Capturing & Archiving Web Pages: UT-Austin Library’s Web Clipper
The following was co-authored with Kevin Wood at the University of Texas Libraries at Austin. The post describes a promising experimental archiving strategy that the UT Libraries is developing for harvesting and preserving primary resources from the Web. Special thanks to Kevin for contributing his expertise and time by co-authoring this post.
University of Texas Libraries-Austin’s Web Clipper Project for Human Rights
Developer: Kevin Wood
In July of 2008, the University of Texas Libraries received a grant from the Bridgeway Foundation to support efforts to collect and preserve fragile records (records that are at risk of destruction either from environmental conditions or human activity) of human rights conflicts and genocide. These funds are helping the library to develop new means for collecting and cataloguing “fragile or transient Web sites of human rights advocacy and genocide watch;” sites that are important because the internet has become a primary means for distributing both information and misinformation about human rights abuses and for documenting human rights events. Thus these fragile Web sites become valuable primary resources for survivors, scholars, and activists as they pursue their work in human rights (see the library’s grant announcement for a press release on the grant).
Harvesting Web Sites for Archiving
In their first attempt to establish a reliable means for harvesting Web sites for preservation, archivists at the University of Texas Libraries used Zotero, a free Firefox extension that allows users to collect, manage and cite online resources for research. The program allows users to capture copies of webpages and catalog them in a bibliographic program that functions much like End Note or Book Ends. Archivists at the University of Texas planned to use the program to pull specific documentation of human rights events off of the internet and then submit the collected pages to their institutional repository for cataloging and preservation. However, Zotero wound up not meeting their needs. Zotero is geared toward individual work from a desktop, therefore, when it harvests a page, it changes links to be relative to the individual’s desktop rather than saving the original links as they are built into the webpage of interest—in terms of archiving and preservation, this is problematic because it calls into question the authenticity of the captured pages. Zotero can be made to keep the original links, but it was not originally designed to do so, so this becomes a cumbersome process and as Zotero continues to evolve in the direction of meeting the needs of individual users, this work-around process becomes that much more difficult to maintain.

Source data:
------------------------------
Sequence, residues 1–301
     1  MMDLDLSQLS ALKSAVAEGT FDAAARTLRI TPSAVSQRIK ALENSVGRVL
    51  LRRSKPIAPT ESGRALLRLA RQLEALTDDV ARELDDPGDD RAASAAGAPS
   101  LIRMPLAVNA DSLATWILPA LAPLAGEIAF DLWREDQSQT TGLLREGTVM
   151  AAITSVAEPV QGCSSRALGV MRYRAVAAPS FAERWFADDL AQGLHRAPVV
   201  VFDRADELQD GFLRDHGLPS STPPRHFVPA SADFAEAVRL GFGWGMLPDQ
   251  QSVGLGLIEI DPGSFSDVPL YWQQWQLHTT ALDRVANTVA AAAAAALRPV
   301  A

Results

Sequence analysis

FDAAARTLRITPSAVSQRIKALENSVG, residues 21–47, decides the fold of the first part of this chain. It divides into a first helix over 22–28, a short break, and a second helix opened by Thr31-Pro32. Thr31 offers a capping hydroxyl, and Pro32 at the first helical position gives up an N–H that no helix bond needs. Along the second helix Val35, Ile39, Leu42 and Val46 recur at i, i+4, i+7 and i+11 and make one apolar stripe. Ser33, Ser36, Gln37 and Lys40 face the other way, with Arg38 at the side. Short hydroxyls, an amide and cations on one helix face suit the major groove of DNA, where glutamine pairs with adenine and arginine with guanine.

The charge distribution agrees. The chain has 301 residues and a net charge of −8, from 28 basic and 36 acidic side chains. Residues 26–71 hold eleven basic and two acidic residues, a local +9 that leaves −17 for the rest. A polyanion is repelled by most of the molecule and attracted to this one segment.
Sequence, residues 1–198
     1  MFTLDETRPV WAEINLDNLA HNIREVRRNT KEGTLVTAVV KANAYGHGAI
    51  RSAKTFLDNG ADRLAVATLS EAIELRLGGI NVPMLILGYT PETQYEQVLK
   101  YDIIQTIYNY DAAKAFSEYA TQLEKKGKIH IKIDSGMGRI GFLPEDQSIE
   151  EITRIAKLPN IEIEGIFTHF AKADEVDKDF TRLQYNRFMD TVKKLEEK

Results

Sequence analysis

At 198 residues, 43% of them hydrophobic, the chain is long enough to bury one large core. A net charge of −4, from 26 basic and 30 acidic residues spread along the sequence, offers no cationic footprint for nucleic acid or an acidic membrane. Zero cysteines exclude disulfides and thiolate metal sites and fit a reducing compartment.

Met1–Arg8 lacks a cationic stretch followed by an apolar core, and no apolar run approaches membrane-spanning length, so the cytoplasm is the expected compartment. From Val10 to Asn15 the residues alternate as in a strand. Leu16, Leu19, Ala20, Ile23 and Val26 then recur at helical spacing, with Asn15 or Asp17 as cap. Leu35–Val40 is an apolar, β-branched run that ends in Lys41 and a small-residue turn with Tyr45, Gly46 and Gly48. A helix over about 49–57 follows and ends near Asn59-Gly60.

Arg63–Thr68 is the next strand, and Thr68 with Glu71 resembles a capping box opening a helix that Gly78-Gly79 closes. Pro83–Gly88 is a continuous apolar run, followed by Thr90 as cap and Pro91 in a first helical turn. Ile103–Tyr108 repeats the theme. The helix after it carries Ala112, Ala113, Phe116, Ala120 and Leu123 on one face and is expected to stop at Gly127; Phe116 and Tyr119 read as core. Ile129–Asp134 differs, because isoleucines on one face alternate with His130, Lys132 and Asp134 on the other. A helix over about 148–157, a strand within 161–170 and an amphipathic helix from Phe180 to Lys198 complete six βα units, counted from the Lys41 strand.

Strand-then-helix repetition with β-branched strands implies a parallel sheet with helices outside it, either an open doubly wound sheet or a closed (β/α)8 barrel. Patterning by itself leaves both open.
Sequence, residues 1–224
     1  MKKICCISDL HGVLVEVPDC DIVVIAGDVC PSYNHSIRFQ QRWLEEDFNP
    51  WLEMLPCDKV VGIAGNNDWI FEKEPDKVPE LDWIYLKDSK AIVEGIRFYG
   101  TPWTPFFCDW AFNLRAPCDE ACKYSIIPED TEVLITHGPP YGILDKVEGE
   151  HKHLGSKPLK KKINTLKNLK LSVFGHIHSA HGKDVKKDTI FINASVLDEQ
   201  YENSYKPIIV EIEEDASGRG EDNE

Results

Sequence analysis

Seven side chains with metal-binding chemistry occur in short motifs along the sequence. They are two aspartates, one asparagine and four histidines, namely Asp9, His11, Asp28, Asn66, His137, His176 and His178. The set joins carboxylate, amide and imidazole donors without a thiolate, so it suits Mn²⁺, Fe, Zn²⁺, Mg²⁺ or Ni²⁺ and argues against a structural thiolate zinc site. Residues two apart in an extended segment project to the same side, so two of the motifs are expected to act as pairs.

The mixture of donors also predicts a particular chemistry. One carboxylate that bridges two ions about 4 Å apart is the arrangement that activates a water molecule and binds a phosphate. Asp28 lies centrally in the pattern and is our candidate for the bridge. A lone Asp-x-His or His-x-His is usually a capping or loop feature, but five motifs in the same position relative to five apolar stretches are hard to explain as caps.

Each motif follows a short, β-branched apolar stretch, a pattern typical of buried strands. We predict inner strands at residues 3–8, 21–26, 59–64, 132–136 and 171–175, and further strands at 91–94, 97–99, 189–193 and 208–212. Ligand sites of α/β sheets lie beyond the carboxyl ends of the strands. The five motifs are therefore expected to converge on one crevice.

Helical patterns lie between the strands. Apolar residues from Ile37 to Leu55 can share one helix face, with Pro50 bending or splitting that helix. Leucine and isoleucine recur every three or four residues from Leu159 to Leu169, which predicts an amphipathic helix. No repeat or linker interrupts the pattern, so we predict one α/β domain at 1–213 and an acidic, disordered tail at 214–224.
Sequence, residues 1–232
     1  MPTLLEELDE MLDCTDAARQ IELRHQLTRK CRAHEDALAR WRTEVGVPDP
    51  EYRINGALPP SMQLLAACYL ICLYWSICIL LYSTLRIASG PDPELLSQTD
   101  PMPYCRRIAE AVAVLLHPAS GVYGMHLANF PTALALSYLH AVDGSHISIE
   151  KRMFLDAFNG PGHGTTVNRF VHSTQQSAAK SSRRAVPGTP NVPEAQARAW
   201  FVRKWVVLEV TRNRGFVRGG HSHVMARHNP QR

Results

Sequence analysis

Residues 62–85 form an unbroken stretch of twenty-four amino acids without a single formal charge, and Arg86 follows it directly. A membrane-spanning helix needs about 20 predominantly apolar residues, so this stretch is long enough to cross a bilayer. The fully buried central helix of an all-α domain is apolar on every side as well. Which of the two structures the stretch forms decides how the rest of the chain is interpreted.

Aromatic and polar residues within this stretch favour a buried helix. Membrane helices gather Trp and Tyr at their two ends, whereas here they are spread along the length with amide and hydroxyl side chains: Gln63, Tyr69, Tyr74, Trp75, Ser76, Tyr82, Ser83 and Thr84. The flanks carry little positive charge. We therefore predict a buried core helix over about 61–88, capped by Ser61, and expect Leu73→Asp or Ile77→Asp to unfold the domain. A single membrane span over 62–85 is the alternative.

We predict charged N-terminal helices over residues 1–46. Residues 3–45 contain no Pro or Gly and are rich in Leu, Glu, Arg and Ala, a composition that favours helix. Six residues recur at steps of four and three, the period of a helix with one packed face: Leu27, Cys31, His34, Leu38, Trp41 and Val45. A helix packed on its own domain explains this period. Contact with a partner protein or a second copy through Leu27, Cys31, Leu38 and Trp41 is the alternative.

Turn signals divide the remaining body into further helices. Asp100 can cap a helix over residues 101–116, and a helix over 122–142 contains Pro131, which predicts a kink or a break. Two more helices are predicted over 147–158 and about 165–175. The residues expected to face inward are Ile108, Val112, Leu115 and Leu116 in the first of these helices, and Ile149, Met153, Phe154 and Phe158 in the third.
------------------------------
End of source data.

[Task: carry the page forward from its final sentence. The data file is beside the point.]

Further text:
The solution for this problem is the in-house creation of a custom web clipper program that harvests pages without modifying them. It functions as a Firefox plug-in and was built from the bottom up borrowing heavily from open source programs that already have some of the right functionality for the libraries’ human rights archiving needs. The designer wants to keep the coding footprint of the web clipper as small as possible to minimize the deployment and maintenance burden. Therefore, the main logic of the clipper will be hosted on a server and accessed on individual machines or terminals through web services. Eventually, this will allow patrons to use the clipper from anywhere in the library system as a harvesting tool. The goal is to centralize the clipping process as much as possible without the need of customizing individual machines, thus streamlining collection, cataloging, and preservation processes.
The prototype clipper is currently housed on two computers at the library in Austin and graduate research assistants are actively clipping web pages for archiving. As they clip a page (see the image above for an example of a clipped page) , users enter metadata in predetermined fields and then assign descriptive terms as tags for subject and content cataloging. Users can either select from a thesaurus of human rights terms (in this case, they are beginning with the thesaurus from WITNESS and extending it with terms as appropriate) or assign arbitrary keywords. Though users have complete control over clipping, documenting, and tagging a Web page, a moderator or manager determines if new terms should be added to the thesaurus.
Regardless of whether a new term makes it into the thesaurus, the pages clipped by users get stored in the archive. Once items are clipped and tagged with descriptive terms, they are ingested into the UT Libraries’ institutional repository, based on DSpace. Metadata are stored in the repository with a link to a local instance of Internet Archive’s Wayback Machine. These copies appear exactly as the pages appeared when the material was first clipped and submitted for preservation, thus maintaining their value as primary resources.